Alfred K. Keter

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BACKGROUND There is increased risk of cardiovascular disease among HIV seropositive individuals. The prevalence of HIV is highest in sub-Saharan Africa; however, HIV-related cardiovascular risk research is largely derived from developed country settings. Herein, we describe the prevalence of hypertension and obesity in a large HIV treatment program in(More)
PURPOSE Cervical cancer screening has been successful in reducing the rates of cervical cancer in developed countries, but this disease remains the leading cause of cancer deaths among women in sub-Saharan Africa. We sought to understand factors associated with limited uptake of screening services in our cervical cancer-screening program in Western Kenya.(More)
BACKGROUND Mortality among people with human immunodeficiency virus (HIV) infection is increasingly due to non-communicable causes. This has been observed mostly in developed countries and the routine care of HIV infected individuals has now expanded to include attention to cardiovascular risk factors. Cardiovascular risk factors such as high blood pressure(More)
BACKGROUND In resource-poor settings, mortality is at its highest during the first 3 months after combination antiretroviral treatment (cART) initiation. A clear predictor of mortality during this period is having a low CD4 count at the time of treatment initiation. The objective of this study was to evaluate the effect on survival and clinic retention of a(More)
BACKGROUND To counteract the syndemics of HIV and alcohol in Sub-Saharan Africa, international collaborations have developed interventions to reduce alcohol consumption. Reliable and accurate methods are needed to estimate alcohol use outcomes. A direct alcohol biomarker called phosphatidylethanol (PEth) has been shown to validate heavy, daily drinking, but(More)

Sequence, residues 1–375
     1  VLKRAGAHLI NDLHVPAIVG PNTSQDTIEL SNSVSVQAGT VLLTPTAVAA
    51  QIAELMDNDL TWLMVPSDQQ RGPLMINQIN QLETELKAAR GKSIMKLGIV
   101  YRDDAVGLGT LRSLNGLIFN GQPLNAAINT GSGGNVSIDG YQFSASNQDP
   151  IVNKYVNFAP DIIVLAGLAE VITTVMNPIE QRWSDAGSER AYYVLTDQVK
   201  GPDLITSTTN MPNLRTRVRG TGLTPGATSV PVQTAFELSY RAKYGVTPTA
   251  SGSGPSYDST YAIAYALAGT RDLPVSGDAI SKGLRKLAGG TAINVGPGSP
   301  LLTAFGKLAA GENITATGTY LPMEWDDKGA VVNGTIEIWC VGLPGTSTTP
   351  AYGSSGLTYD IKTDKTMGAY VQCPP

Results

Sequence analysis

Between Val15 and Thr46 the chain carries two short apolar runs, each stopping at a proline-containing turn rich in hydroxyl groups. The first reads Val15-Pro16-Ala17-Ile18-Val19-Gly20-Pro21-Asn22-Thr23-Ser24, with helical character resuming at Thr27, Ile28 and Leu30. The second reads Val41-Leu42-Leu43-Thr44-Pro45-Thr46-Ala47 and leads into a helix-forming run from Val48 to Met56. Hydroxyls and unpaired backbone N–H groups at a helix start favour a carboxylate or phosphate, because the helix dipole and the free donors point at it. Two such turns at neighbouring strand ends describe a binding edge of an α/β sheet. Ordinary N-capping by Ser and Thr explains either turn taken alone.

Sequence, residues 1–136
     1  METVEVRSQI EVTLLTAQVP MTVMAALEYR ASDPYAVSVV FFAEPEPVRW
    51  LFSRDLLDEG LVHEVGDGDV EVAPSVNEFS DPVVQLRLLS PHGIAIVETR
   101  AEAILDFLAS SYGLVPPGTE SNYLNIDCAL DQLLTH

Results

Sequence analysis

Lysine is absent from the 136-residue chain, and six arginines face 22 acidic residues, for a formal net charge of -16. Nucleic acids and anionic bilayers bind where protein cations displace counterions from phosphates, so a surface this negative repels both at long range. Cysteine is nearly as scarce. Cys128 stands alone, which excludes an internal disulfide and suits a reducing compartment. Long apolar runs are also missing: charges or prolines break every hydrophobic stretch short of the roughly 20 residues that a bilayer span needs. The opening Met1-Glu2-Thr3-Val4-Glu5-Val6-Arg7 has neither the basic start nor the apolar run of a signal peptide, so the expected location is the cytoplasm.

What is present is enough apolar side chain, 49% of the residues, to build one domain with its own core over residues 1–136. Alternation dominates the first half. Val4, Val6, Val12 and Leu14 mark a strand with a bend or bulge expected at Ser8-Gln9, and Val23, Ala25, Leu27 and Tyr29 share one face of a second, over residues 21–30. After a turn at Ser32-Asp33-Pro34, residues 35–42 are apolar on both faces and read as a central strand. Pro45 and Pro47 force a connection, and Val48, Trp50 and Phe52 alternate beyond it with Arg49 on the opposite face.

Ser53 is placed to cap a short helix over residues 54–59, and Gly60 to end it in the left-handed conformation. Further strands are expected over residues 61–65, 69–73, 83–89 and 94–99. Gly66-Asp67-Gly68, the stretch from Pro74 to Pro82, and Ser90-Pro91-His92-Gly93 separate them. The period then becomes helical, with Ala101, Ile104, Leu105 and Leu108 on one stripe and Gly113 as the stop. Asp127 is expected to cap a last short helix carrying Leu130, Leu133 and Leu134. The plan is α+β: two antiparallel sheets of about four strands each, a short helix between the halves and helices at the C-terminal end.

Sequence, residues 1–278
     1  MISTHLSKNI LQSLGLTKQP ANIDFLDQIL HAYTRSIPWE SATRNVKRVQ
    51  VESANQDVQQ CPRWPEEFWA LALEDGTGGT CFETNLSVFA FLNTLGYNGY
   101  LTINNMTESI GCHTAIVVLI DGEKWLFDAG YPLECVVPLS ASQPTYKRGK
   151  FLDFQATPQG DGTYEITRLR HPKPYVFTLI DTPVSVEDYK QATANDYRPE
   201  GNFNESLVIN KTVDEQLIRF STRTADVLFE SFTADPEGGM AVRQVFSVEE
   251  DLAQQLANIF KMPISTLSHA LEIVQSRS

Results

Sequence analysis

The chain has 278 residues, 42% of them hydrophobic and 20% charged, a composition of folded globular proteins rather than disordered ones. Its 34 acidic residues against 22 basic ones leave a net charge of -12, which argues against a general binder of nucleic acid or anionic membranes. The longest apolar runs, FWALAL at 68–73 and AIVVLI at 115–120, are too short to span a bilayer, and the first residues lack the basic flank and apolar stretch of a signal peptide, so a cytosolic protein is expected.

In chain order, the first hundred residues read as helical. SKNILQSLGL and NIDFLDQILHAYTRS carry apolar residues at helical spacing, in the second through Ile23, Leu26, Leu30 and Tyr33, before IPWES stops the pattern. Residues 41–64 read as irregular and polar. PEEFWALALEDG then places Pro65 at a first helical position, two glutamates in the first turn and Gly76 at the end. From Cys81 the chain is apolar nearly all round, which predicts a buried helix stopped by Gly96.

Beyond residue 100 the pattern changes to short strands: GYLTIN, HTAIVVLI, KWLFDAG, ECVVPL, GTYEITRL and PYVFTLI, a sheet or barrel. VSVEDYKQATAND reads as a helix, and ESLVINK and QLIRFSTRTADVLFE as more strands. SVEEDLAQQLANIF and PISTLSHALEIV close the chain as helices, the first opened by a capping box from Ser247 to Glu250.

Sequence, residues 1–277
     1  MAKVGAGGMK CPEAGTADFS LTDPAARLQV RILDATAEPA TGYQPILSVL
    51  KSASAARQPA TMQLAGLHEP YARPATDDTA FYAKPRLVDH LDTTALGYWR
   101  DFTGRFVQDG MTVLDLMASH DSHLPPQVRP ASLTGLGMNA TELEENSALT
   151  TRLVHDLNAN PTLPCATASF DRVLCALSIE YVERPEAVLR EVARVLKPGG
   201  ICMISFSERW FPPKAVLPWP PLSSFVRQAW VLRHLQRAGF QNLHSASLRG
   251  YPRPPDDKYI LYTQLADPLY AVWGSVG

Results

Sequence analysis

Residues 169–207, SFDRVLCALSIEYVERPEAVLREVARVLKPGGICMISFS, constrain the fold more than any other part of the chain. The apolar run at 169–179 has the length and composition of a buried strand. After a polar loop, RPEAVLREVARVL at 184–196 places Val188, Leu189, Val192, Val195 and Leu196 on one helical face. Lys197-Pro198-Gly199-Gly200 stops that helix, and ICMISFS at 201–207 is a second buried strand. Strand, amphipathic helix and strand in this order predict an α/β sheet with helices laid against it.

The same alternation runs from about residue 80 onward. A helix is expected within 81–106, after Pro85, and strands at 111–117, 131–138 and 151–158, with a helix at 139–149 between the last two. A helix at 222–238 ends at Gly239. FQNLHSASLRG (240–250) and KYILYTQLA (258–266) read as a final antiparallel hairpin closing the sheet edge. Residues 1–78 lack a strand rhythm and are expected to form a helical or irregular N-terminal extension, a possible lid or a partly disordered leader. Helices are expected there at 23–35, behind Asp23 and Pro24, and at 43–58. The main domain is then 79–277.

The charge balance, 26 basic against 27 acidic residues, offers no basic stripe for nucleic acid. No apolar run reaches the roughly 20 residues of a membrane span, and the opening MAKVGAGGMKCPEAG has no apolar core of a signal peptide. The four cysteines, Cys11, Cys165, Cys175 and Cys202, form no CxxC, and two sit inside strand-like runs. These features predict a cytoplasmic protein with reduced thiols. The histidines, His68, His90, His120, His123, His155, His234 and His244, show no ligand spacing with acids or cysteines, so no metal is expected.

OBJECTIVE To describe the uptake of and factors associated with HIV prevalence among pregnant women in a large-scale home-based HIV counseling and testing (HBCT) program in western Kenya. METHODS In 2007, the Academic Model Providing Access to Healthcare Program (AMPATH) initiated HBCT to all individuals aged ≥13 years and high-risk children <13 years.(More)
BACKGROUND Academic Model Providing Access To Healthcare (AMPATH) program provides comprehensive HIV care and treatment services. Approximately, 30% of patients have become lost to follow-up (LTFU). We sought to actively trace and identify outcomes for a sample of these patients. METHODS LTFU was defined as missing a scheduled visit by ≥3 months. A(More)
PURPOSE More than 80% of women with breast cancer in Kenya present to medical care with established late-stage disease. We sought to understand why women might not participate in breast cancer screening when it is offered by comparing the views of a cohort of those who attended a screening special event with those of community controls who did not attend.(More)
AIM To explore lay perceptions of causes, severity, presenting symptoms and treatment of breast cancer. METHODS In October-November 2012, we recruited men and women (18 years and older) from households and health facilities in three different parts of Western Kenya, chosen for variations in their documented burdens of breast cancer. A standardized and(More)
Victimization from physical and sexual violence presents global health challenges. Partner violence is higher in Kenya than Africa. Violence against drinkers and HIV-infected individuals is typically elevated, so dual vulnerabilities may further augment risk. Understanding violence risks can improve interventions. Participants were 614 HIV-infected(More)
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